This is the time of year where I hardly actually cook if I can help it. The local produce is incredible, and the southern heat and humidity has officially set in. Yes, this recipe asks that you turn the oven on. But the only “labor” is grating some ginger and working butter into a few dry ingredients with your fingers, and then you can walk away. No involved pie crust. No whipped egg whites. Nada. And the results are pretty bodacious.

Feast your eyes on—and then make!—this jammy dessert with its fantastic crunchy crust. I swear it’ll bring you back for seconds, maybe even thirds. With enough time to bask in the heat of summer’s glory.

Blueberry-Peach Crisp

Serves 8

for the fruit

  • 3-4 lbs tree-ripened peaches (I tried to find organic and it was impossible—see if you have better luck!)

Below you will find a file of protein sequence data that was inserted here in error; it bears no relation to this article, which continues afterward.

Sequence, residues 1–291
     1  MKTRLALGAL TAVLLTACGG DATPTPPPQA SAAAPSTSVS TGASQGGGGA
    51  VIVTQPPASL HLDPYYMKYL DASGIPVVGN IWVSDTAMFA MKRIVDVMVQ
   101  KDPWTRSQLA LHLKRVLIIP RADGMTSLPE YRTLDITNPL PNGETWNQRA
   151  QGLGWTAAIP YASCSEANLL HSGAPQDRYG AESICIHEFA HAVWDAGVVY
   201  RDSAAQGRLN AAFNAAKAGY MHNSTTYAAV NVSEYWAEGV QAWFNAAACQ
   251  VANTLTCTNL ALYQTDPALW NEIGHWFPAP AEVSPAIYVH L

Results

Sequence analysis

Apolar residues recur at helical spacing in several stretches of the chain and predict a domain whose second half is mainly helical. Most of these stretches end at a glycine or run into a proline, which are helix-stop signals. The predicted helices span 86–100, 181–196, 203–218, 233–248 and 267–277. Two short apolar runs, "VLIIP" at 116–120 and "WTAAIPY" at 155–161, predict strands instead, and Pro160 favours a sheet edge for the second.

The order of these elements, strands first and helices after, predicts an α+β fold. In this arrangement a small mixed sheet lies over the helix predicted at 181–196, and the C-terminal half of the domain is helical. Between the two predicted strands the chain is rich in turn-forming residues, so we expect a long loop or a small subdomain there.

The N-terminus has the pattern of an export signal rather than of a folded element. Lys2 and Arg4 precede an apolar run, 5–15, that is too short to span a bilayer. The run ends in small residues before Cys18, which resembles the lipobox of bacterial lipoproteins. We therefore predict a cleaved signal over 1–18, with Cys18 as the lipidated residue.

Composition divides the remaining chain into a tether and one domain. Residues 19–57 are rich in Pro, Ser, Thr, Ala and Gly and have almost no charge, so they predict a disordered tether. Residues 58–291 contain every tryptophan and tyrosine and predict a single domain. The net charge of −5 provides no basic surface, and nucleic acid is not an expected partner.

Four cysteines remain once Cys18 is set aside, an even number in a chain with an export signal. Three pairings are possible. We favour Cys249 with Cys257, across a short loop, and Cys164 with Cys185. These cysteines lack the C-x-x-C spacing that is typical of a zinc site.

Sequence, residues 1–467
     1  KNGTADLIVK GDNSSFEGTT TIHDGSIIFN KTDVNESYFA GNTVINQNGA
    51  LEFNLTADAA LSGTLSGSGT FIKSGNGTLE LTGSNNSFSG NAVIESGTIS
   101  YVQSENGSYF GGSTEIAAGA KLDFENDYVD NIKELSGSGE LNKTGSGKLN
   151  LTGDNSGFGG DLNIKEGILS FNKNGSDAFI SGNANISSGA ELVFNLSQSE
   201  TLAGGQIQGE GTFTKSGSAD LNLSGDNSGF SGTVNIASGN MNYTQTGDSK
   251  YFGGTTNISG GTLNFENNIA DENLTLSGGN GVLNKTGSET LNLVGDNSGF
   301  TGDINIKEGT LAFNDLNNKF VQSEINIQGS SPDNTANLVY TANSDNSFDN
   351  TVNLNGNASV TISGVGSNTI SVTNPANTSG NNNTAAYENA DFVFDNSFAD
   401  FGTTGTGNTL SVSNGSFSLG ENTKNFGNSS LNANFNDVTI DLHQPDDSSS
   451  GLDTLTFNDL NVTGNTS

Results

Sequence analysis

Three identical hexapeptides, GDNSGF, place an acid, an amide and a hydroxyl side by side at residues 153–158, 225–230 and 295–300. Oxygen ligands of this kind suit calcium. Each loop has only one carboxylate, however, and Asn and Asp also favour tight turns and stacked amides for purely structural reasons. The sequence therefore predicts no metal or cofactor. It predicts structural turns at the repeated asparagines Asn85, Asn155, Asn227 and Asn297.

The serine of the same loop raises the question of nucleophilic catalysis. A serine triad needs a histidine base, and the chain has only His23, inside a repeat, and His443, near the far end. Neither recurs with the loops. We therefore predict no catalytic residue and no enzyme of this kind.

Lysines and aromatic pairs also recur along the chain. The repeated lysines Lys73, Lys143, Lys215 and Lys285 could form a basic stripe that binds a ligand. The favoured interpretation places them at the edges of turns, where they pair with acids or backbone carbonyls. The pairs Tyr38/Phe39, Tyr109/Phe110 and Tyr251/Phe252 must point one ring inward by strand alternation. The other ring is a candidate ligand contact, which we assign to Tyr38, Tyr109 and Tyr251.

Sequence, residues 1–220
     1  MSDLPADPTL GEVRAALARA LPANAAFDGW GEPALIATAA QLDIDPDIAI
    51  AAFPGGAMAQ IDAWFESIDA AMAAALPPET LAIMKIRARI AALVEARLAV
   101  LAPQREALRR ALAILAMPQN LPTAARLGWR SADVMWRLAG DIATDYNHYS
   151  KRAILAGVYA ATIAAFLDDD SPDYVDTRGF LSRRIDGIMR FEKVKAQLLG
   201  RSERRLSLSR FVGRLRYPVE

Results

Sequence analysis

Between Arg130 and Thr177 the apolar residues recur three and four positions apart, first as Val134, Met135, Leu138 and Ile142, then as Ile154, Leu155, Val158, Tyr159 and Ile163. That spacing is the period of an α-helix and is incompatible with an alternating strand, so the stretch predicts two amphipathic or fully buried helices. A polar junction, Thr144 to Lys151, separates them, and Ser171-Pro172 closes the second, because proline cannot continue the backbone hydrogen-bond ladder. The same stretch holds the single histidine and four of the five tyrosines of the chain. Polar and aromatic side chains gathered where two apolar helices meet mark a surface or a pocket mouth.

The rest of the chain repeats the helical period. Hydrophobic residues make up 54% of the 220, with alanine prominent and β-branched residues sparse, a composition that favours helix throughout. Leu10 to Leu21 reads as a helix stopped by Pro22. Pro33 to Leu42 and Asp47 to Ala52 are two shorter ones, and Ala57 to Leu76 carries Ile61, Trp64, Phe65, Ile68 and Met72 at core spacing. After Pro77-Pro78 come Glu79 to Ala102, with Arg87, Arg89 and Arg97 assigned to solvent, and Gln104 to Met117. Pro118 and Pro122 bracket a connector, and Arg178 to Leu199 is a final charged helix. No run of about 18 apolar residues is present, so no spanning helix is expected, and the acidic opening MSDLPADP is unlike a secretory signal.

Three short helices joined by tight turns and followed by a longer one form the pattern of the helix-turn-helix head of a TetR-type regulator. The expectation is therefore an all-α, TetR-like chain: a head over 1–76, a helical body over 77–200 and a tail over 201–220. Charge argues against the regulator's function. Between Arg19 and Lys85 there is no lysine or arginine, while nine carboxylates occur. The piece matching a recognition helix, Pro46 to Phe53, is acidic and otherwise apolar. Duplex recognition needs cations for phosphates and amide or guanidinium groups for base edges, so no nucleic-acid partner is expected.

• 4 cups organic blueberries
  • 1 tsp lemon zest
  • 1 tbsp fresh lemon juice
  • 1/4 cup brown sugar
  • 1 tbsp all purpose flour
  • pinch kosher salt

for the crisp

  • 1 1/2 cups rolled oats
  • 1/2 packed cup brown sugar
  • 3/4 cup all purpose flour
  • 1 1/2 sticks pastured butter, cubed and freezer-cold
  • 3/4 tsp cinnamon
  • 2 tsp fresh ginger, grated
  • pinch salt

PLUS: vanilla custard ice cream, for serving

  1. In a large bowl, combine all dry ingredients and stir with a fork to incorporate. Add ginger and butter to mixture and work butter into dry ingredients with your fingers, until pea-sized crumbs remain. Refrigerate.
  2. Preheat oven to 375°F. Stir together lemon juice, brown sugar, zest, flour, and salt. Add fruit and toss to combine.